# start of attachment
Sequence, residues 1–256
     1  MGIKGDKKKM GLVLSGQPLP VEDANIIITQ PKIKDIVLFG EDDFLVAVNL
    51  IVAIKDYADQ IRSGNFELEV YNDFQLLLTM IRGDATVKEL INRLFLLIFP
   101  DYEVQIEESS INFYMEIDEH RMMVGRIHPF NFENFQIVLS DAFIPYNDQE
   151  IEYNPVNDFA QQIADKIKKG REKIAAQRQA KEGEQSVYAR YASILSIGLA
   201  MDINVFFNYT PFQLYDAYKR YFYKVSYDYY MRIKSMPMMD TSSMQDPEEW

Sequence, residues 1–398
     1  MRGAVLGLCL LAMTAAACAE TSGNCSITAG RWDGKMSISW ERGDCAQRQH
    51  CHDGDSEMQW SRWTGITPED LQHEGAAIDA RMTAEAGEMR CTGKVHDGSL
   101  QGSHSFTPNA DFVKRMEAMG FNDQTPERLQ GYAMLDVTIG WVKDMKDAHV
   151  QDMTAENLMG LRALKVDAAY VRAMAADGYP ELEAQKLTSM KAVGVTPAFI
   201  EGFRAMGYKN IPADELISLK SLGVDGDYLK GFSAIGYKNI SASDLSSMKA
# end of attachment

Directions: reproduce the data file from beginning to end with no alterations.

Sequence, residues 1–256
     1  MGIKGDKKKM GLVLSGQPLP VEDANIIITQ PKIKDIVLFG EDDFLVAVNL
    51  IVAIKDYADQ IRSGNFELEV YNDFQLLLTM IRGDATVKEL INRLFLLIFP
   101  DYEVQIEESS INFYMEIDEH RMMVGRIHPF NFENFQIVLS DAFIPYNDQE
   151  IEYNPVNDFA QQIADKIKKG REKIAAQRQA KEGEQSVYAR YASILSIGLA
   201  MDINVFFNYT PFQLYDAYKR YFYKVSYDYY MRIKSMPMMD TSSMQDPEEW

Sequence, residues 1–398
     1  MRGAVLGLCL LAMTAAACAE TSGNCSITAG RWDGKMSISW ERGDCAQRQH
    51  CHDGDSEMQW SRWTGITPED LQHEGAAIDA RMTAEAGEMR CTGKVHDGSL
   101  QGSHSFTPNA DFVKRMEAMG FNDQTPERLQ GYAMLDVTIG WVKDMKDAHV
   151  QDMTAENLMG LRALKVDAAY VRAMAADGYP ELEAQKLTSM KAVGVTPAFI
   201  EGFRAMGYKN IPADELISLK SLGVDGDYLK GFSAIGYKNI SASDLSSMKA